I’ve suffered from chronic insomnia for over a decade. After consulting multiple doctors, therapists and websites, I am now a self-proclaimed sleep-expert. I have finally found a bedtime routine that works for me and a natural supplement that works wonders. For anyone else who might be looking for an answer to their sleeping problems, here’s a breakdown of the different foods that help, are harmful, and some other tricks I’ve learned along the way.
We’ve all heard of and probably tried melatonin, a hormone that the brain produces at night that sends a signal to the rest of the body that it’s time to start winding down. However, melatonin definitely has its limits, as I’ve found myself over the years. Melatonin doesn’t necessarily improve one’s quality of sleep, which is why many people wake up feeling sluggish and groggy after taking it the night before. Additionally, after taking the hormone for a long period of time, our bodies start developing a tolerance to melatonin. This is because when the brain’s melatonin receptors are exposed to too much of the hormone, they can become unresponsive. So, overtime, as I experienced myself, taking melatonin was completely ineffective for helping me fall asleep. While melatonin may help reset your body clock, it is not recommended as a long-term solution.
Lucky for you, doctors are recommending another supplement that has personally changed my life — magnesium. “If you’re looking for a more consistent sleep aid that helps you fall asleep and stay asleep, magnesium is the way to go,” said physician Robert Rountree, M.D. Unlike melatonin, magnesium is a mineral, not a hormone. I have been taking Mindbodygreen’s magnesium+ supplement for over a month now and am finally getting the full night’s rest I have been missing for years. It not only improves the quantity of sleep, but more important, the quality. Additionally, there’s less concern incorporating magnesium into your daily diet, since it is a mineral, not a hormone.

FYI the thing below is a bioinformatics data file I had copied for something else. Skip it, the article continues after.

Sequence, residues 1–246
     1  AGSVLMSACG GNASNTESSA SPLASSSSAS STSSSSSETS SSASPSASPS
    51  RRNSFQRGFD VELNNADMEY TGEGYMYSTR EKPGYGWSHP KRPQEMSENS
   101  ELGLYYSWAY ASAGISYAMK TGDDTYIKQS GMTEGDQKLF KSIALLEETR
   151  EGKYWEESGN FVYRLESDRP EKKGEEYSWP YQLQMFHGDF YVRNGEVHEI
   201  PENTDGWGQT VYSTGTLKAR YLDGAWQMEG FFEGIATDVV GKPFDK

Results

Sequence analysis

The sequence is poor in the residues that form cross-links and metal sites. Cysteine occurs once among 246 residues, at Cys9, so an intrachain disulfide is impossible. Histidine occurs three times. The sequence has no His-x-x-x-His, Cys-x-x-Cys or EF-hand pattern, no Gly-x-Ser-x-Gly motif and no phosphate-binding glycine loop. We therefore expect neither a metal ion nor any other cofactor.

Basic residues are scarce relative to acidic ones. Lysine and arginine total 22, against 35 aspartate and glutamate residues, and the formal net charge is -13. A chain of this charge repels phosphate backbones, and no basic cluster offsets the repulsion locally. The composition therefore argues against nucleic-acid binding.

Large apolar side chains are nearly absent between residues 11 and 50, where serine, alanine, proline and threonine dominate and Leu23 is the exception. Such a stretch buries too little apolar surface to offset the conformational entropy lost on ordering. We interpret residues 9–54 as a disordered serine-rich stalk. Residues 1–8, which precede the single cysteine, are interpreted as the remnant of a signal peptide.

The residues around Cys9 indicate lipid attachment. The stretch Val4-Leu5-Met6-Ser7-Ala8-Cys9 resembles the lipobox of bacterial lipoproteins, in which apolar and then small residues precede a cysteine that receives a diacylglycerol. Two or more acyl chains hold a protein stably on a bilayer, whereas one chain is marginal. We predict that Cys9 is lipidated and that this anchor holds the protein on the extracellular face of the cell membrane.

There are plenty of other ways to help establish a bedtime routine if supplements aren’t your first choice. Meditation has consistently been recommended to me by doctors and therapists. And in the age of social media, it is easier than ever to meditate on your own through the virtual guidance of an app. Headspace and Calm are two that I recommend. Meditation paired with herbal teas containing chamomile and valerian root is a perfect way to establish a winding down routine before bed. Valerian root is another herb that has been used as a sleep aid for centuries. Its calming effects can be attributed to its interaction with gamma-aminobutyric acid (GABA), a chemical messenger that helps regulate nerve impulses in your brain and nervous system. Valerian root is thought to increase GABA levels, and the more abundant the GABA, the sleepier you feel.
Finally, there are certain foods you should definitely avoid right before bed. Steer clear from was chocolate, especially dark as it contains caffeine and other stimulants such as theobromine which has been proven to increase heart rate.
Throughout my battle with insomnia and chronic sleep issues, if there’s one thing I’ve learned, it’s how sensitive our body clocks are. Every organ and tissue in our body is connected to biological cycles. One slight disruption to the circadian rhythm can throw off the body’s entire clock — whether it be certain food, time of the day we eat, exposure to light, travel or stress — making sleep seem utterly impossible at times. Thankfully, there are so many easy, natural ways to help realign our system. Maybe it’s time for you to reset your clock and get your sleep routine back on track.